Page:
In the previous post, I provided a Talmudic passage in which Abaye treats Deuteronomy as categorically different then the rest of the Torah. As the following passages show, it seems plausible that an earlier authority shared that opinion.
“And now, O our God, what shall we say after this? For we have forsaken your commandments, which you commanded by your servants the prophets, saying, ‘The land that you are entering, to take possession of it, is a land impure with the impurity of the peoples of the lands, with their abominations that have filled it from end to end with their uncleanness. Therefore do not give your daughters to their sons, neither take their daughters for your sons, and never seek their peace or prosperity, that you may be strong and eat the good of the land and leave it for an inheritance to your children forever.’ - Ezra 9:10-12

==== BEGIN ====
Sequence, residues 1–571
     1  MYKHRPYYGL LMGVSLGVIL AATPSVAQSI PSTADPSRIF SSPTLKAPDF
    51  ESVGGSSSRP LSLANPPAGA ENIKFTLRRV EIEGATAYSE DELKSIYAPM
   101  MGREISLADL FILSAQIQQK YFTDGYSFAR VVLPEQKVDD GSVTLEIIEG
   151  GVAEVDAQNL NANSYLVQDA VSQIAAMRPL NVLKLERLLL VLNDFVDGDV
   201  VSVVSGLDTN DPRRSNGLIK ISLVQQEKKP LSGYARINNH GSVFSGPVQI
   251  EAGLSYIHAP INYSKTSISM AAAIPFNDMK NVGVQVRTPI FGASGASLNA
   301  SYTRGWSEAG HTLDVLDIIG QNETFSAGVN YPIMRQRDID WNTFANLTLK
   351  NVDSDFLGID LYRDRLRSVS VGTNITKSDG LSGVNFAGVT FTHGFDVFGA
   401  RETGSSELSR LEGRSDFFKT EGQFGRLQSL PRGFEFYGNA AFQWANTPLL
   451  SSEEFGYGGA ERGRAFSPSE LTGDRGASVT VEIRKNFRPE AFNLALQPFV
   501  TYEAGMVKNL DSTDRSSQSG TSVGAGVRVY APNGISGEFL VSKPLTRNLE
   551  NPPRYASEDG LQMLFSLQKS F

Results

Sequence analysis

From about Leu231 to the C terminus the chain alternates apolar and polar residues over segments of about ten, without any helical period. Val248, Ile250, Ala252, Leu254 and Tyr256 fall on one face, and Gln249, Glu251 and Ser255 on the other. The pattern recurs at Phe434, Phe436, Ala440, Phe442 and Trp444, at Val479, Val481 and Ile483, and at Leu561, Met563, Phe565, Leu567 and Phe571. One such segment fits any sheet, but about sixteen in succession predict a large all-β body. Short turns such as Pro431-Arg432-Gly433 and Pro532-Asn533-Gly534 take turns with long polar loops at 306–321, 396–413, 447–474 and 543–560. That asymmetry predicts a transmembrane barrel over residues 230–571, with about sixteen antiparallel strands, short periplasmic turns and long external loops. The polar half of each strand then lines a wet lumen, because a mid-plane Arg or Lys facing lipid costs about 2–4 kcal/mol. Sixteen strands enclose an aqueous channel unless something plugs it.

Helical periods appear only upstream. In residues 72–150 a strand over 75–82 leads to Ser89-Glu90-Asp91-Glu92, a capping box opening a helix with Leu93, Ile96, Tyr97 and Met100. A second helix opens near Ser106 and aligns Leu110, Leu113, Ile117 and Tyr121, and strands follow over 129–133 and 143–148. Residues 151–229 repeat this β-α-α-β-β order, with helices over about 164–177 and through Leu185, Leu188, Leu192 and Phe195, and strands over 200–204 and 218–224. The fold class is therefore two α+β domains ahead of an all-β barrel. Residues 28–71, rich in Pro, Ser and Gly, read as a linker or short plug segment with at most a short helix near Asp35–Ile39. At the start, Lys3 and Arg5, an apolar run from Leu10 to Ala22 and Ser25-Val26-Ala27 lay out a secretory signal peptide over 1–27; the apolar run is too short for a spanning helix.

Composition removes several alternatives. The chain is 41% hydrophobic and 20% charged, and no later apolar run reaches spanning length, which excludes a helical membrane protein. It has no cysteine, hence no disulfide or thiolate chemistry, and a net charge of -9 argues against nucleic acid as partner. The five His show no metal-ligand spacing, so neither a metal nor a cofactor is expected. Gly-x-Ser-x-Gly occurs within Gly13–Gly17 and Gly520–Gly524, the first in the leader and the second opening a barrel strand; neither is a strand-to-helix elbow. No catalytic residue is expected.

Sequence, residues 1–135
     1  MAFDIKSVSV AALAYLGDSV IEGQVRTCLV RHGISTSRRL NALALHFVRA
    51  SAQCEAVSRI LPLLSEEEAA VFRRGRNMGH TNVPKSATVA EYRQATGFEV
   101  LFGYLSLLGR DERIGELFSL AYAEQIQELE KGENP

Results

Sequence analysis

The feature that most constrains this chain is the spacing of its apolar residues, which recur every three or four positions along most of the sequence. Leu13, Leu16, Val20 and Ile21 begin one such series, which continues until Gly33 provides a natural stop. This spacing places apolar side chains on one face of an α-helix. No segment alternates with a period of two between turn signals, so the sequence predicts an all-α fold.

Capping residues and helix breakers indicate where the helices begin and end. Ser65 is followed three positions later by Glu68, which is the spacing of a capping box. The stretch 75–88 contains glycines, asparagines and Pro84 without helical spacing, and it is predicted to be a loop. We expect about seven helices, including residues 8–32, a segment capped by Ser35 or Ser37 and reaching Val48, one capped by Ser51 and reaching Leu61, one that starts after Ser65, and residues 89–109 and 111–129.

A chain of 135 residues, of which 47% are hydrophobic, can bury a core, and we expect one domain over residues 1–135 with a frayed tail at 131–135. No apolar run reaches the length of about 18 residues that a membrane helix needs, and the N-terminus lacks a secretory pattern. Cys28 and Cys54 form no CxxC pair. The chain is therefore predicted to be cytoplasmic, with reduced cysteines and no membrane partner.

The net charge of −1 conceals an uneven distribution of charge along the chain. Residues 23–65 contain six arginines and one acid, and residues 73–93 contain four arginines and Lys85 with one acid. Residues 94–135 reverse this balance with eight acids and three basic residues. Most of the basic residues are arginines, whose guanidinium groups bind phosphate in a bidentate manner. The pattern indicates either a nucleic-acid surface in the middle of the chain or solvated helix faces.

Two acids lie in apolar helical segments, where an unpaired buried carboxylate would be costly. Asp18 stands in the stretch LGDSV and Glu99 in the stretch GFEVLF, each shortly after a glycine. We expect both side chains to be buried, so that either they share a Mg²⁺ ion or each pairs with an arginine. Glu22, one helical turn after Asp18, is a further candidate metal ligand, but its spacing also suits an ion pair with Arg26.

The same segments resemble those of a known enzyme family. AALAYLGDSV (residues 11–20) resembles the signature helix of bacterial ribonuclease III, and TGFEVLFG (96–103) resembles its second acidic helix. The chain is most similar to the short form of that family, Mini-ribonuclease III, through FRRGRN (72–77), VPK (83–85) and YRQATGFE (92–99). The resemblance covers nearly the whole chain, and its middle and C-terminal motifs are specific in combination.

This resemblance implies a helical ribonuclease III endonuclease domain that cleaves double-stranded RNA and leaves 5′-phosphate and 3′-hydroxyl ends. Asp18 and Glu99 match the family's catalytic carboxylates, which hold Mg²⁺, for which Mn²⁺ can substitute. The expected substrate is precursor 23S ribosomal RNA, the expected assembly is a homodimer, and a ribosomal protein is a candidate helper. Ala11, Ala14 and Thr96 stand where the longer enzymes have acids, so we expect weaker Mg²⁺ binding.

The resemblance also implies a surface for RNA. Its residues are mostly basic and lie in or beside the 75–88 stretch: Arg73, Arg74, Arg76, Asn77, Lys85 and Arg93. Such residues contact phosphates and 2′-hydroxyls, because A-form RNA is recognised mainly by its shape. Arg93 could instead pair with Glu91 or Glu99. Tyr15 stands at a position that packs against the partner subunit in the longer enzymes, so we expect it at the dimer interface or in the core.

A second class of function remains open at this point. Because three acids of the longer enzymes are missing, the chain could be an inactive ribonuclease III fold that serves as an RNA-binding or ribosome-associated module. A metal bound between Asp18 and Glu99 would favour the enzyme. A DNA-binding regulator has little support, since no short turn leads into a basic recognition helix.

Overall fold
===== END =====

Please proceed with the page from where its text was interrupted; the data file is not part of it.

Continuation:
In this passage, Ezra denounces intermarriage, a practice that he considered a scourge and fought with all his vigor. Oddly enough, he says that intermarriage was "commanded by your servants the prophets" However, this law was first set down in the book of Deuteronomy (7:3). Why does Ezra appeal to the prophets in his denouncement of intermarriage when an appeal to the Torah itself, or even to the single chief prophet who wrote the law, would carry much more authority?